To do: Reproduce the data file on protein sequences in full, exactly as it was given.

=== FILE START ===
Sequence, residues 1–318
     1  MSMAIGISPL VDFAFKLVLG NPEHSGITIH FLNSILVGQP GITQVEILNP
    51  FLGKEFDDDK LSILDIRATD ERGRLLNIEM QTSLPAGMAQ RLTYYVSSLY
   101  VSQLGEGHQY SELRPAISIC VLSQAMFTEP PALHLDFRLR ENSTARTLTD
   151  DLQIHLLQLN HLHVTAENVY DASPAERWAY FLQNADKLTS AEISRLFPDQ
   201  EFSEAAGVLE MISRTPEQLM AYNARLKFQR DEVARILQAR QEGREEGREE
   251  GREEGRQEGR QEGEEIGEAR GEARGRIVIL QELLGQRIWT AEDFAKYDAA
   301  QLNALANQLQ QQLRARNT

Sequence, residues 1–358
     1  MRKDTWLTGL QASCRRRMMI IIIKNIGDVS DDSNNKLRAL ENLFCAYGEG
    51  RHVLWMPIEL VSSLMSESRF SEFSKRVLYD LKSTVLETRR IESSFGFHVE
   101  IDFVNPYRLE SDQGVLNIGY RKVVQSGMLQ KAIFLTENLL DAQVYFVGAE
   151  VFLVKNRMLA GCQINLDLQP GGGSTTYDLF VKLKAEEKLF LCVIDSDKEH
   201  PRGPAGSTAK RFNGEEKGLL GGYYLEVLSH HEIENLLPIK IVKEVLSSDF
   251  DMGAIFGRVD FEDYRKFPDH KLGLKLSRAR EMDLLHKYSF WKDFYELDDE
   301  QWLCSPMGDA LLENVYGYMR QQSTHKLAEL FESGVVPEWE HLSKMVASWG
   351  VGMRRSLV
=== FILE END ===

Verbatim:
Sequence, residues 1–318
     1  MSMAIGISPL VDFAFKLVLG NPEHSGITIH FLNSILVGQP GITQVEILNP
    51  FLGKEFDDDK LSILDIRATD ERGRLLNIEM QTSLPAGMAQ RLTYYVSSLY
   101  VSQLGEGHQY SELRPAISIC VLSQAMFTEP PALHLDFRLR ENSTARTLTD
   151  DLQIHLLQLN HLHVTAENVY DASPAERWAY FLQNADKLTS AEISRLFPDQ
   201  EFSEAAGVLE MISRTPEQLM AYNARLKFQR DEVARILQAR QEGREEGREE
   251  GREEGRQEGR QEGEEIGEAR GEARGRIVIL QELLGQRIWT AEDFAKYDAA
   301  QLNALANQLQ QQLRARNT

Sequence, residues 1–358
     1  MRKDTWLTGL QASCRRRMMI IIIKNIGDVS DDSNNKLRAL ENLFCAYGEG
    51  RHVLWMPIEL VSSLMSESRF SEFSKRVLYD LKSTVLETRR IESSFGFHVE
   101  IDFVNPYRLE SDQGVLNIGY RKVVQSGMLQ KAIFLTENLL DAQVYFVGAE
   151  VFLVKNRMLA GCQINLDLQP GGGSTTYDLF VKLKAEEKLF LCVIDSDKEH
   201  PRGPAGSTAK RFNGEEKGLL GGYYLEVLSH HEIENLLPIK IVKEVLSSDF
   251  DMGAIFGRVD FEDYRKFPDH KLGLKLSRAR EMDLLHKYSF WKDFYELDDE
   301  QWLCSPMGDA LLENVYGYMR QQSTHKLAEL FESGVVPEWE HLSKMVASWG
   351  VGMRRSLV